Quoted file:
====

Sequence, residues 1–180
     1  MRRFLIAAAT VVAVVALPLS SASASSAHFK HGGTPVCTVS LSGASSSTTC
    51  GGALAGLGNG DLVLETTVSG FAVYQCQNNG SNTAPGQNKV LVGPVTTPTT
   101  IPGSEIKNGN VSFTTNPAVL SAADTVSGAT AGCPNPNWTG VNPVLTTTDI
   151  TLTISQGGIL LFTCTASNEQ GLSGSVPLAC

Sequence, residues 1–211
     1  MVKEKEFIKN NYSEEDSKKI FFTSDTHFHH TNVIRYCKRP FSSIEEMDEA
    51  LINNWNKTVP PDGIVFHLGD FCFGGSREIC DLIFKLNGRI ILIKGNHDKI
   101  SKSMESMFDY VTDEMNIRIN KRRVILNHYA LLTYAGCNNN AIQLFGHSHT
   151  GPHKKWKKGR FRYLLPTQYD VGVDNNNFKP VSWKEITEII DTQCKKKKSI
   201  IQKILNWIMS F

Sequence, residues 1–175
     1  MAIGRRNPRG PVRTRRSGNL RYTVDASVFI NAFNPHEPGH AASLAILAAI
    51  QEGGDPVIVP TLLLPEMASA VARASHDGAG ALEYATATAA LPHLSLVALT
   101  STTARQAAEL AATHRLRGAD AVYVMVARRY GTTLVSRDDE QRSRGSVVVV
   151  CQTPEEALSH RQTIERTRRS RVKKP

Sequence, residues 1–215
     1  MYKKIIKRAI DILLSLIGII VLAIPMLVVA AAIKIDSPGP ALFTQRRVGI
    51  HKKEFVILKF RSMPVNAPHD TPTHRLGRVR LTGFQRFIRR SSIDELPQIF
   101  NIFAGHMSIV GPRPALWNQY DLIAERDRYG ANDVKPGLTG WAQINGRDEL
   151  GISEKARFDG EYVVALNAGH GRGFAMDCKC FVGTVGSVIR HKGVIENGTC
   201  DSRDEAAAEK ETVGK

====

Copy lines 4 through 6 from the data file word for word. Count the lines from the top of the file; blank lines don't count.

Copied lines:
   101  IPGSEIKNGN VSFTTNPAVL SAADTVSGAT AGCPNPNWTG VNPVLTTTDI
   151  TLTISQGGIL LFTCTASNEQ GLSGSVPLAC

Sequence, residues 1–211